The subconscious of Howard Phillips can be a little awkward sometimes. After suffering the loss of a family member, Howard needs to traverse through his whimsical and often dark dreams in an effort to make sense of it all, and you’re invited.
Reviewed on: PC (Steam review code provided)
Whilst there’s a ton of first-person exploration, a fair amount of it involves puzzle solving and building an understanding of who the protagonist is, as well as what his motivations are. The opening of the game, for example, gives you the opportunity to explore his home and soak in a little of what his life is about before you first go to sleep and begin ‘dreaming’. It’s these moments that really help mould the game into something less hollow and the way back-story is incorporated really helps flesh the narrative out. The story isn’t always free-flowing, though. You’ll have to search it out via collectables and secrets, and it might not always be delivered in a sensical order, but it is there and it can be genuinely engaging for the most part. Playing slightly differently might even offer up a different ending, so returning to game to gobble up more narrative you might have missed is encouraged.
Developers HyperSloth have done well to capture the feeling of complete randomness that often comes with the enigma of the dreaming process. Also, the feeling that you’ve got a front row seat to Howard’s journey of self-discovery, a very specific goal in amongst it all, works pretty well in contrast. My only disappointment would be that it perhaps wasn’t taken far enough. Whilst the surroundings can be completely surreal and random, Howard himself only grows as a person internally, whilst on the outside he remains the same; a relatively average guy who can barely jump, query the odd unfathomable object and one who’d resign himself back to walking pace quarter-way into a hundred meter sprint. There’s obviously a certain game archetype here that needed to be fulfilled to be playable, but it would be fair to say the game doesn’t dive into its own concept as wholeheartedly as it could have done.
Regardless of Howard’s foibles, the feeling of stepping into the unknown is excellently achieved. Whether it be a open rocky desert, office buildings or surreal courtyards with staircases protruding from every wall, every location captures your imagination and begs you to explore it. There’s no rhyme or reason when or where you might find that next imaginative area because everything is as disjointed as it is random, again signifying HyperSloth’s good interpretation of the dream state and making the exploration part of Dream a joy to partake in.
Visuals are a mixed bag at times, often veering from wondrous to non-immersive in a split second. Some worlds are lush and vibrant with a ton of visual distractions, yet some can be plain, bland and lack interest. There’s a slight unfinished feel to proceedings, too. Graphical tearing, voices not in sync with subtitles and frequently getting caught on objects is only a few of the technical issues I could talk about. After playing with the most recent patch (v1.12) the game seems to be a far more sturdier ship, but be warned that you may still find some quirky behaviour if you’re planning to purchase it soon. On another note, it should be said that Norman Legies’ soundtrack is gorgeous and takes the atmosphere created by the visuals to another level entirely.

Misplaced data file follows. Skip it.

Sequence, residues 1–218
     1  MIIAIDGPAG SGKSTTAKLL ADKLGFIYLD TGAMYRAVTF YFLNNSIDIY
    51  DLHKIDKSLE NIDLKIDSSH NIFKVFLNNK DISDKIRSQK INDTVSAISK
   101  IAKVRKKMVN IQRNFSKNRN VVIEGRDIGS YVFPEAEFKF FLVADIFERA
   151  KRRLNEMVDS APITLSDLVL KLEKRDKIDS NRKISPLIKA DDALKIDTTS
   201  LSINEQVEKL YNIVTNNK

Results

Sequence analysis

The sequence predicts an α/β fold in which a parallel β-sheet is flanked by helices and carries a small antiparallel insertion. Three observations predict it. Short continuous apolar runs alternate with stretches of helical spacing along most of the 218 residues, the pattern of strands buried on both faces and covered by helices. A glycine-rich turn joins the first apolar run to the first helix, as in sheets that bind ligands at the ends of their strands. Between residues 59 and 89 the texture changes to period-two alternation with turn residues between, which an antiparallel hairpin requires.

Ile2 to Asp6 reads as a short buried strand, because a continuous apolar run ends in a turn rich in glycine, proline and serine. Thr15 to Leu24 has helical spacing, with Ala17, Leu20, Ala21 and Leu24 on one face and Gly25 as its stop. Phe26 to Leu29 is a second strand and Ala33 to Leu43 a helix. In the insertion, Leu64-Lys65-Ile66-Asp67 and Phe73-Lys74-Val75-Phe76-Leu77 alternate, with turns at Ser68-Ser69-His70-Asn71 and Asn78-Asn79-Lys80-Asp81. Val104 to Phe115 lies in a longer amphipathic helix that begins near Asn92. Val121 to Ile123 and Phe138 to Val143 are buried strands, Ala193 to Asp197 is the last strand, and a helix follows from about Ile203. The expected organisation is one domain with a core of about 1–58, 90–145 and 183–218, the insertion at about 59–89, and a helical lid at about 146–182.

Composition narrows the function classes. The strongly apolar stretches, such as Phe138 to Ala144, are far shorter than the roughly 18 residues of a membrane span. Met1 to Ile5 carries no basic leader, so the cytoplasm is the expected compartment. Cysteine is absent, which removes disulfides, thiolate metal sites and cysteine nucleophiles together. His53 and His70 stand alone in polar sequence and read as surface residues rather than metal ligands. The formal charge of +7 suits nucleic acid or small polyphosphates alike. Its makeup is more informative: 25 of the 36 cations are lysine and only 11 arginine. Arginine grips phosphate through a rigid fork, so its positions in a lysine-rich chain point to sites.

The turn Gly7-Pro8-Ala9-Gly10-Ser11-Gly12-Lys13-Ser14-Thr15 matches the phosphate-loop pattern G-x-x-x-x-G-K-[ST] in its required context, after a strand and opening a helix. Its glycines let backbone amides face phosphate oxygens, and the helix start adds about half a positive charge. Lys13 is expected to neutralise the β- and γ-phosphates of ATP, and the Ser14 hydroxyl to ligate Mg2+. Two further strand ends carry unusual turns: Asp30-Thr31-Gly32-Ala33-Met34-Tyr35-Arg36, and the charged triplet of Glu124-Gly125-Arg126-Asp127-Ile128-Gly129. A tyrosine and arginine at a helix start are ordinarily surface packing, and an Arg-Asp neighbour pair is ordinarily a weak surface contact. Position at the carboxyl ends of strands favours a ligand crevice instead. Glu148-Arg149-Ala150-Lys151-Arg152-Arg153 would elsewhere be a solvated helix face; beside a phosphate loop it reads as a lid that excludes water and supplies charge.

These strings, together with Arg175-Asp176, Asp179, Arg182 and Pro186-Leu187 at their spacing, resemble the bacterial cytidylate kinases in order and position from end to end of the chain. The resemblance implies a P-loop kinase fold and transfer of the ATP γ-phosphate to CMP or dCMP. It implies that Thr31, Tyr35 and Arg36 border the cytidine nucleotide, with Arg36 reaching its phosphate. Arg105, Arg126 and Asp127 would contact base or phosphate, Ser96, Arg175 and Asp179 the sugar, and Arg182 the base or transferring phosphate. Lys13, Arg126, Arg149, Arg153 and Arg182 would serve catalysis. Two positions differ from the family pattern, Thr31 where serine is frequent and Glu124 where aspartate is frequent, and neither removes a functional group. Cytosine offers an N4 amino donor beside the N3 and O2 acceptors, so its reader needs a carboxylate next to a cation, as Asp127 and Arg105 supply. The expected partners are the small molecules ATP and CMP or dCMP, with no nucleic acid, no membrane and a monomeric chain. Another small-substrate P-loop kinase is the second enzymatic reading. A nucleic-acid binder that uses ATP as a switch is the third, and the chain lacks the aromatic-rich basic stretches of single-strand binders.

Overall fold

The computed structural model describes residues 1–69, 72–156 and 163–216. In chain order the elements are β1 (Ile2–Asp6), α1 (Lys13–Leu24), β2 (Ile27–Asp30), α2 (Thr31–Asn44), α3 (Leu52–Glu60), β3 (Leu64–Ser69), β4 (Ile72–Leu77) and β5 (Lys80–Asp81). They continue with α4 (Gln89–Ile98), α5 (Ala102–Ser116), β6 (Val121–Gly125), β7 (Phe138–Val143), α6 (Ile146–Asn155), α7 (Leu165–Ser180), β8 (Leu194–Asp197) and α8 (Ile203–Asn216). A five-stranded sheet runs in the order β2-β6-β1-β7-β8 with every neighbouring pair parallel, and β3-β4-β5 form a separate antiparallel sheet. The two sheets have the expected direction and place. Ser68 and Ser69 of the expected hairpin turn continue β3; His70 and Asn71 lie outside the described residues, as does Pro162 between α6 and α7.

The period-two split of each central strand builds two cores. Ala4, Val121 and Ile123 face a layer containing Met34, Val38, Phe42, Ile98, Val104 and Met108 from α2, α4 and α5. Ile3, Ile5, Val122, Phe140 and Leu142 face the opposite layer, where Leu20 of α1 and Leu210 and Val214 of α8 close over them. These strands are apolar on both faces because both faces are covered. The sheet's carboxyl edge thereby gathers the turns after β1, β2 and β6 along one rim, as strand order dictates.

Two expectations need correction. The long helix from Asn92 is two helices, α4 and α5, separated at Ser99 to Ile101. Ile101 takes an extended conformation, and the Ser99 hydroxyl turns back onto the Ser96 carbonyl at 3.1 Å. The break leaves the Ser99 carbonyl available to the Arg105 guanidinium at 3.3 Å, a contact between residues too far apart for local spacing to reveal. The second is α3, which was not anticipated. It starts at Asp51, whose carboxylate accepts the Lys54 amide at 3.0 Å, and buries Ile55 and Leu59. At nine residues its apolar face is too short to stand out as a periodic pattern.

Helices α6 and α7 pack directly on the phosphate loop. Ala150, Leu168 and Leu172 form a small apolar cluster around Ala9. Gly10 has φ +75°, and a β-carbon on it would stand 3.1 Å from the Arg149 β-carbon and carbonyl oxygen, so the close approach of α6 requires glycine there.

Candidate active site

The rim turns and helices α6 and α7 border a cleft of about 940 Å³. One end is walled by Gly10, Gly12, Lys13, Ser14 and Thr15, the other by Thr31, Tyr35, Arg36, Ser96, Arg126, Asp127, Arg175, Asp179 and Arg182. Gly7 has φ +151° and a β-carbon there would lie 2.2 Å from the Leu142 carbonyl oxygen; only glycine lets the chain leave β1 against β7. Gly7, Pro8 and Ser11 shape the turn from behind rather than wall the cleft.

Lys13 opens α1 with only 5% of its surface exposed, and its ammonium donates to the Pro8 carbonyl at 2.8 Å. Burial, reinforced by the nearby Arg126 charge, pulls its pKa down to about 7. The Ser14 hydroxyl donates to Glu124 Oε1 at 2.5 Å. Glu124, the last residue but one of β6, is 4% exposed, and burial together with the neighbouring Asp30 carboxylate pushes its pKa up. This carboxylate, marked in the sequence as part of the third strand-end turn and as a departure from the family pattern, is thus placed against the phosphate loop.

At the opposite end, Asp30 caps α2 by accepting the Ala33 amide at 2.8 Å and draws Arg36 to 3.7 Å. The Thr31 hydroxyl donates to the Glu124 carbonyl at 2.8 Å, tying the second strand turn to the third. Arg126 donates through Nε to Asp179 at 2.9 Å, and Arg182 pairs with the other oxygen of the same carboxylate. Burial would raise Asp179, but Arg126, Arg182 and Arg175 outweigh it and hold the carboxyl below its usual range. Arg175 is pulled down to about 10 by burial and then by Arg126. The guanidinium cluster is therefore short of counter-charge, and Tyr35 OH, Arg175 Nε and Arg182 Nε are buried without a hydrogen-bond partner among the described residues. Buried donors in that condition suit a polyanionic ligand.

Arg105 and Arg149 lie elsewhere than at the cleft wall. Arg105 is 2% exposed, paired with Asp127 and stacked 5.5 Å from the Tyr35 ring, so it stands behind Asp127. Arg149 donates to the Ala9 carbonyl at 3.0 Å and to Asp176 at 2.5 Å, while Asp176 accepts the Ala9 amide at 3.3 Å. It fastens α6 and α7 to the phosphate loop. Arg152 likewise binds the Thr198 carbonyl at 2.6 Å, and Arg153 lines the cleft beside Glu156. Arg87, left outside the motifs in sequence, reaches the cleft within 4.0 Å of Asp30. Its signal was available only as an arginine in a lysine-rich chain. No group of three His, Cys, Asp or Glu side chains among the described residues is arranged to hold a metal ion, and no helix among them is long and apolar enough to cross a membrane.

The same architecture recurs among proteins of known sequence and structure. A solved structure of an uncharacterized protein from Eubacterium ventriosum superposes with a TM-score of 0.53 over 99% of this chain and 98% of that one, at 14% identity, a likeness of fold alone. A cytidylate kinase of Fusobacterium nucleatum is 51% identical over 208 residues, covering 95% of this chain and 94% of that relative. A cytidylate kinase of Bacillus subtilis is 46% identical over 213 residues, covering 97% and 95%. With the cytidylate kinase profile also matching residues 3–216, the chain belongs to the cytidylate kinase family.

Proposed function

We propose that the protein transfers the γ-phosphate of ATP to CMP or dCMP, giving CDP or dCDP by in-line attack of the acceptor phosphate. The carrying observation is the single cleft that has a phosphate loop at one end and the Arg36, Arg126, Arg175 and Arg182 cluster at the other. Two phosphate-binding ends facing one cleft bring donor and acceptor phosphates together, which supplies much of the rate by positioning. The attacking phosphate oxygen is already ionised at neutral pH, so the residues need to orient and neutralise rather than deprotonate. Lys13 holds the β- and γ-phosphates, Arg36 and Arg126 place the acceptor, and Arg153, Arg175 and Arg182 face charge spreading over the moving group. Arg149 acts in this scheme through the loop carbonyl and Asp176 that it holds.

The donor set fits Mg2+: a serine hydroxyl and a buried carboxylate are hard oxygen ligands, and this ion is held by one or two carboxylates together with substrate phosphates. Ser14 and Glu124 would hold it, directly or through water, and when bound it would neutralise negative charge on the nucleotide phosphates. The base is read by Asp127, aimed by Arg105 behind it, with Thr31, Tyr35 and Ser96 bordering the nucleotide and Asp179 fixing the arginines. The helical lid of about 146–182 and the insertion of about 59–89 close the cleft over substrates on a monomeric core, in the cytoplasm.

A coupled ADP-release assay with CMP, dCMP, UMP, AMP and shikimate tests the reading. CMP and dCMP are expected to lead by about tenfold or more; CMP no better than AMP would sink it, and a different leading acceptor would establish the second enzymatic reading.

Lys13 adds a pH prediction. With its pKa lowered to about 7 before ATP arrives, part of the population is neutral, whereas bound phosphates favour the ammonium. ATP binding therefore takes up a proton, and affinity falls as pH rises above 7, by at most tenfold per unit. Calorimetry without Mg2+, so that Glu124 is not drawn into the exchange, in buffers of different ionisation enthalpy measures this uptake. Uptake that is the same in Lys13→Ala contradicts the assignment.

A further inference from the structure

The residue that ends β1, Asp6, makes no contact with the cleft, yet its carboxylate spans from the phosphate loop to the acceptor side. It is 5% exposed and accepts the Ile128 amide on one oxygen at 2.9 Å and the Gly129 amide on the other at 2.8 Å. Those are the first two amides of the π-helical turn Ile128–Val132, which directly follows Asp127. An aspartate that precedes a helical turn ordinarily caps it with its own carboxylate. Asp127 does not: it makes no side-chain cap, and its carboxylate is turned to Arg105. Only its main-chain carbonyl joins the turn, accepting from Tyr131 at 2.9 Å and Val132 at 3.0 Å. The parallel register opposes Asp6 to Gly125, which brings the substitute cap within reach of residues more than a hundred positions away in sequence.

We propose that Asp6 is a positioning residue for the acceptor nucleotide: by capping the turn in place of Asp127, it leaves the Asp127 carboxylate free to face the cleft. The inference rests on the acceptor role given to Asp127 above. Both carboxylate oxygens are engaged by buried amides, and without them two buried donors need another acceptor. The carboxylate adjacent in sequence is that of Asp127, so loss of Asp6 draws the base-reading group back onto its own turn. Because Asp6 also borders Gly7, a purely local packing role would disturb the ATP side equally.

Dream offers exploration and puzzles but doesn’t do it the typical linear fashion you might find in similar games. You’re often able to wander from one puzzle to another in any order, or even without having to complete it before leaving. It’s nice to have a little freedom and there’s certainly plenty of variety to found in the puzzling that can be equally random on the difficulty scale from one to the next. I did find frustration in some puzzles, not because of their toughness but because of their design. For instance, you might have to run through a maze whilst being chased or toggle switches to light up stones with the correct pattern; both of which were fine but they felt more trial and error based than actually testing my intelligence in any particular way. There’s certainly a bunch of variety in the puzzling, though, so you’ll always be interested to see what’s round the next corner.
Dream captures the essence of something wondrous and intriguing, whilst building a solid world and variable puzzles in amongst it. HyperSloth seem to be taking their technical issues seriously, too. But even with the recent patches and hot-fixes, there’s still places that feel a little undercooked at time of writing. Overall, some might be frustrated by the non-linearity of the narrative but for those who love their puzzling and exploring interesting environments, Dream is easy to recommend.